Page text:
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The Bakersfield Californian
Friday, Dec 05 2014 05:29 PM

By RUTH BROWN The Bakersfield Californian

Typing quietly while catching every spoken word, court reporters are often overlooked but critical components of the judicial system.

And the demand for them is growing while the number available capable of typing the required 200-word-per-minute threshold for courtroom work is dwindling....

Read More . . .




A broadcast captioner has created a hysterically funny account of what it’s like to do what she does – sure to go viral if it hasn’t already:

Definitely something to pass on !




Targeted News Service
July 02, 2014
Article Source

VIENNA, Va., July 2 -- The National Court Reporters Association issued the following news release:

The National Court Reporters Association (NCRA), the country's leading organization representing stenographic court reporters, broadcast captioners, and CART captioners, was represented at the Hearing Loss Association of America's(HLAA) Annual Conference held June 26 - 29 in Austin, Texas, during a session that focused on captioning quality as it relates to recent legislative and regulatory measures that have advanced through Congress and the Federal Communications Commission (FCC).

NCRA member Carol Studenmund, RDR, CRR, CBC, CCP, co-founder of LNC Captioning in Portland, Ore., and chair of NCRA's Captioning Community of Interest, was joined by Adam Finkel, NCRA assistant director of government relations and co-chair of the Deaf and Hard of Hearing Alliance. NCRA has long worked closely with HLAA through its involvement with the Alliance.

The educational session provided attendees with a history of captioning laws and regulations, as well as best practices for ensuring live captioning quality as the broadcast industry comes into compliance with recently approved new FCCregulations. The new regulations require program creators and distributors to make their best effort to insure that captions are accurate, synchronous, complete, and do not obscure important information. The new regulations also apply to online video shows that originated on television.

"I could not have been more pleased to represent NCRA at the Hearing Loss Association's Annual Convention. It was incredible to be able to connect with so many fierce advocates for broadcast captioning and CART captioning, and to brainstorm ways to help make these services more readily available to consumers across the country. The topic of the FCC's captioning quality guidelines attracted great interest and numerous questions from attendees," said Finkel.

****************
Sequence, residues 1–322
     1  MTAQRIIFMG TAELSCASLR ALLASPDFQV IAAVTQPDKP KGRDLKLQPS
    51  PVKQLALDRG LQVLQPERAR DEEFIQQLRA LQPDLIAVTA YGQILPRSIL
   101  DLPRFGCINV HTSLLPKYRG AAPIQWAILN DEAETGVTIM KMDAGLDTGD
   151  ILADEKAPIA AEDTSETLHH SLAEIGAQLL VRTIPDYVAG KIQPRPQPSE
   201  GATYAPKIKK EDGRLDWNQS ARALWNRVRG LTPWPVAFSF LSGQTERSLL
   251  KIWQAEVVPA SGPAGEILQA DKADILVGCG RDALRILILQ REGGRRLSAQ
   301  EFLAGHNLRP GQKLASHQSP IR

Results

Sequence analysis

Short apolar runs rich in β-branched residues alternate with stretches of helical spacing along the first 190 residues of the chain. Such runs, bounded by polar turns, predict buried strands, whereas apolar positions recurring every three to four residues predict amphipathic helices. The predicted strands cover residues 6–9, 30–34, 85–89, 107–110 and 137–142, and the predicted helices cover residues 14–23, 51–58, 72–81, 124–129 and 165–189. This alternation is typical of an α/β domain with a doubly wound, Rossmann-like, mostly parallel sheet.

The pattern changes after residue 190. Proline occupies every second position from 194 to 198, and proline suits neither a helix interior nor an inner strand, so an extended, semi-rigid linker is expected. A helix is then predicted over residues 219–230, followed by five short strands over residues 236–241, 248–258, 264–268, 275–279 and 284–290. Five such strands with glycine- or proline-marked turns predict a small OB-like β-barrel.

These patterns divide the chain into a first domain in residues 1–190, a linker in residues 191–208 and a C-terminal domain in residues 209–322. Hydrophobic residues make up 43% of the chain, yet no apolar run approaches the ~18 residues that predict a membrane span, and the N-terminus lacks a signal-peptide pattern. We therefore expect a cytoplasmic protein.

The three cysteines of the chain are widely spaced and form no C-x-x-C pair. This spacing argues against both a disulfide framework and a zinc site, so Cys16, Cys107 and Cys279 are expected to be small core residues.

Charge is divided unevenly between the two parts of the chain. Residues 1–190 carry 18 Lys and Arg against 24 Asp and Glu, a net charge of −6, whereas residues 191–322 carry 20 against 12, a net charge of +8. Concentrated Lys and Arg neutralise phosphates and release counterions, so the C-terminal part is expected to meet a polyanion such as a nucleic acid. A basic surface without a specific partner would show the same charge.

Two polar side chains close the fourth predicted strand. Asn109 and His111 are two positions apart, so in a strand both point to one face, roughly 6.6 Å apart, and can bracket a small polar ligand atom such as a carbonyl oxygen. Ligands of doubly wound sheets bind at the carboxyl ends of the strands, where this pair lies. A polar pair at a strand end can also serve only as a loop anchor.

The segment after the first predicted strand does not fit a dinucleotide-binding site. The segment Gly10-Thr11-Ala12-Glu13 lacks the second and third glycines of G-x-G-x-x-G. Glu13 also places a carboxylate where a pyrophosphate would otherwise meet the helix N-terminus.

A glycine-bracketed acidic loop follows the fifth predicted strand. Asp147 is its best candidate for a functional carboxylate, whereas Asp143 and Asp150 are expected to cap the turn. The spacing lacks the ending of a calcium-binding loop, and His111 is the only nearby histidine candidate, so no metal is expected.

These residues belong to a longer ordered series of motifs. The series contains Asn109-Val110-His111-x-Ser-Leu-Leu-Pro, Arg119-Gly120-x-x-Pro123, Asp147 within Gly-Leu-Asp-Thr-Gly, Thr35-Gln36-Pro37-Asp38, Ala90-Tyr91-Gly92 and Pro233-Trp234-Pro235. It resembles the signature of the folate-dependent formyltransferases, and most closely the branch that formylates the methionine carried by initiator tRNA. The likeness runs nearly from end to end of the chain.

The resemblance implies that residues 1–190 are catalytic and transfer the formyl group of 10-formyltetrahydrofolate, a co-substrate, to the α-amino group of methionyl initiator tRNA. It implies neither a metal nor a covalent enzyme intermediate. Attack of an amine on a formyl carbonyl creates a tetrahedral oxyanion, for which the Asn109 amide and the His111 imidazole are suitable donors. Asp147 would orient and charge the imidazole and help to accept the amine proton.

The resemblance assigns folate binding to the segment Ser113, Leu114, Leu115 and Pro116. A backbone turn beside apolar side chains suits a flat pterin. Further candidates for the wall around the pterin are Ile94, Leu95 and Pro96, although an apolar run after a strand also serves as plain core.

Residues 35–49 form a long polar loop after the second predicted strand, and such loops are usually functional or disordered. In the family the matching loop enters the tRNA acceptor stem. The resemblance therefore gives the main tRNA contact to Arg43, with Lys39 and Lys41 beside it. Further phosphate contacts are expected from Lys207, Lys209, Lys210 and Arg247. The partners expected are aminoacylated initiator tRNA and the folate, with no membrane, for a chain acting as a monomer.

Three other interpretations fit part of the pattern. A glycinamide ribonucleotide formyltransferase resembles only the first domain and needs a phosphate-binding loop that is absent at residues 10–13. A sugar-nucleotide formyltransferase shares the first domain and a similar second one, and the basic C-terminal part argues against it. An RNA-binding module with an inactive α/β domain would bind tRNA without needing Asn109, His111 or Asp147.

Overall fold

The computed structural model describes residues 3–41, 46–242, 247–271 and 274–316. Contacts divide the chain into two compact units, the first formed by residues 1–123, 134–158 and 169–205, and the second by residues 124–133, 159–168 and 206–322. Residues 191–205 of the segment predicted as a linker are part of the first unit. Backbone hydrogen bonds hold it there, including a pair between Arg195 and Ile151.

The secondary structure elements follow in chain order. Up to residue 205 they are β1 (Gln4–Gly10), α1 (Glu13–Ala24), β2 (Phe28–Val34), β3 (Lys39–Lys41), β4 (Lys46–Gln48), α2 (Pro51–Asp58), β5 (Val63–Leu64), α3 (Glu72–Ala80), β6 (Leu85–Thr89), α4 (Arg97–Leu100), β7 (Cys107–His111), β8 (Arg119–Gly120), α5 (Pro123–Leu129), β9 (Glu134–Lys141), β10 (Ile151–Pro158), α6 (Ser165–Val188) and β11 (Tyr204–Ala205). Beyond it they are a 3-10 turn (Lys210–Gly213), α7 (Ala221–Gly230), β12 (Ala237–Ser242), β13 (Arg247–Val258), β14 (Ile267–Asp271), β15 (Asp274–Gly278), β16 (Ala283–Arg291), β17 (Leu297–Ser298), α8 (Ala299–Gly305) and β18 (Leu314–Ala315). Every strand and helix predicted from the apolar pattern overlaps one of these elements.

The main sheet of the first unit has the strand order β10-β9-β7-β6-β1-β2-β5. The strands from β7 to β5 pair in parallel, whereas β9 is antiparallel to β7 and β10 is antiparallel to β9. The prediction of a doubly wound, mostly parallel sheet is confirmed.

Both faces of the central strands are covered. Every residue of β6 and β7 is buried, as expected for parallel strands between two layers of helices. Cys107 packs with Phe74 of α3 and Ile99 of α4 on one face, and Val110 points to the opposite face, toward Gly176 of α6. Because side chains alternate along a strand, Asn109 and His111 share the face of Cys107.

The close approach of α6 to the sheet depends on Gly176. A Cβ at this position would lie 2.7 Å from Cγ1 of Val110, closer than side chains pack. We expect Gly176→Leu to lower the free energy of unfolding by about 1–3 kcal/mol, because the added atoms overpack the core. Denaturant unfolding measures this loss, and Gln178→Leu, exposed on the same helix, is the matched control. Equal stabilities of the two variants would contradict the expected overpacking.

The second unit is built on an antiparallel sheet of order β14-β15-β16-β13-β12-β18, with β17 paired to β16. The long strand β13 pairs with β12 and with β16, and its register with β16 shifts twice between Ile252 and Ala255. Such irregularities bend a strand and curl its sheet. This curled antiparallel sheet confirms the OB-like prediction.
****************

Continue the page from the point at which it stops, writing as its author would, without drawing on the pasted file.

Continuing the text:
During the session, Studenmund and Finkel cited best practices supported by NCRA which urge captioning companies to provide periodic quality reviews of individual captioners, alert clients immediately if a technical issue arises, and respond in a timely manner to issues raised by clients or viewers.

According to Studenmund, who also serves as vice chair and commissioner of theMount Hood Cable Regulatory Commission in Portland, many captioning companies are pleased with the new FCC regulations as well as the increase in the number of broadcast stations that are now offering live captioning instead of the electronic newsroom technique which can often lead to confusing or incorrect translations. Early feedback indicates that the use of live captioners for broadcasts has led to many improvements in the quality of captions being included in broadcasts, she added.

Read more . . .

By Tim Hull, Courthouse News Service 8/6/2013

Two California school districts must face claims that they improperly denied transcription services to deaf and hard-of-hearing students, the 9th Circuit ruled Tuesday.

In separate cases consolidated for appeal, the parents of K.M. And D.H., two hard-of-hearing high-school girls, argued that the districts had violated federal law by refusing to approve a transcription service in the classroom. The Communication Access Realtime Translation service provides a word-for-word transcription of everything said in class via real-time captioning, according to the ruling.

...continue reading "Judges in California Reverse Ruling Preventing CART in Classrooms"

ccacTo All Users of CART (Real Time Captioning):

Please go to to do a short one-question survey.

The more people who reply, the better we can continue to advocate together for resources needed.

This survey is by the Collaborative for Communication Access via Captioning.

Distributed 2013 by Northern Virginia Resource Center for Deaf and Hard of Hearing Persons (NVRC), 3951 Pender Drive, Suite 130, Fairfax, VA 22030;; 703-352-9055 V, 703-352-9056 TTY, 703-352-9058 Fax. Items in this newsletter are provided for information purposes only; NVRC does not endorse products or services. This news service is free of charge, but donations are greatly appreciated.

By Marla Dougherty  6/30/11

The friendly people at QuickCaption were pleased to share information about all the captioning services they have been providing for 12 years. They have 103 contractors that provide captioning nationwide and offer CART, remote CART, video/DVD captioning and streaming media captioning.

Last November I experienced remote CART at the HLAA Walk4Hearing in Washington DC.  Walkers with a smart phone or iPad could enjoy the streaming of live CART if they were too far away to see the remote CART.  By going to the QuickCaption homepage and clicking on the HLAA event, they had instant streaming of the speeches.

QuickCaption makes it easy for you to get a copy of the event transcript. On their website you can copy and paste the transcript once the program is over. The information remains “live” on the website for about 15 minutes. After that, it is archived and the text can be mailed to you.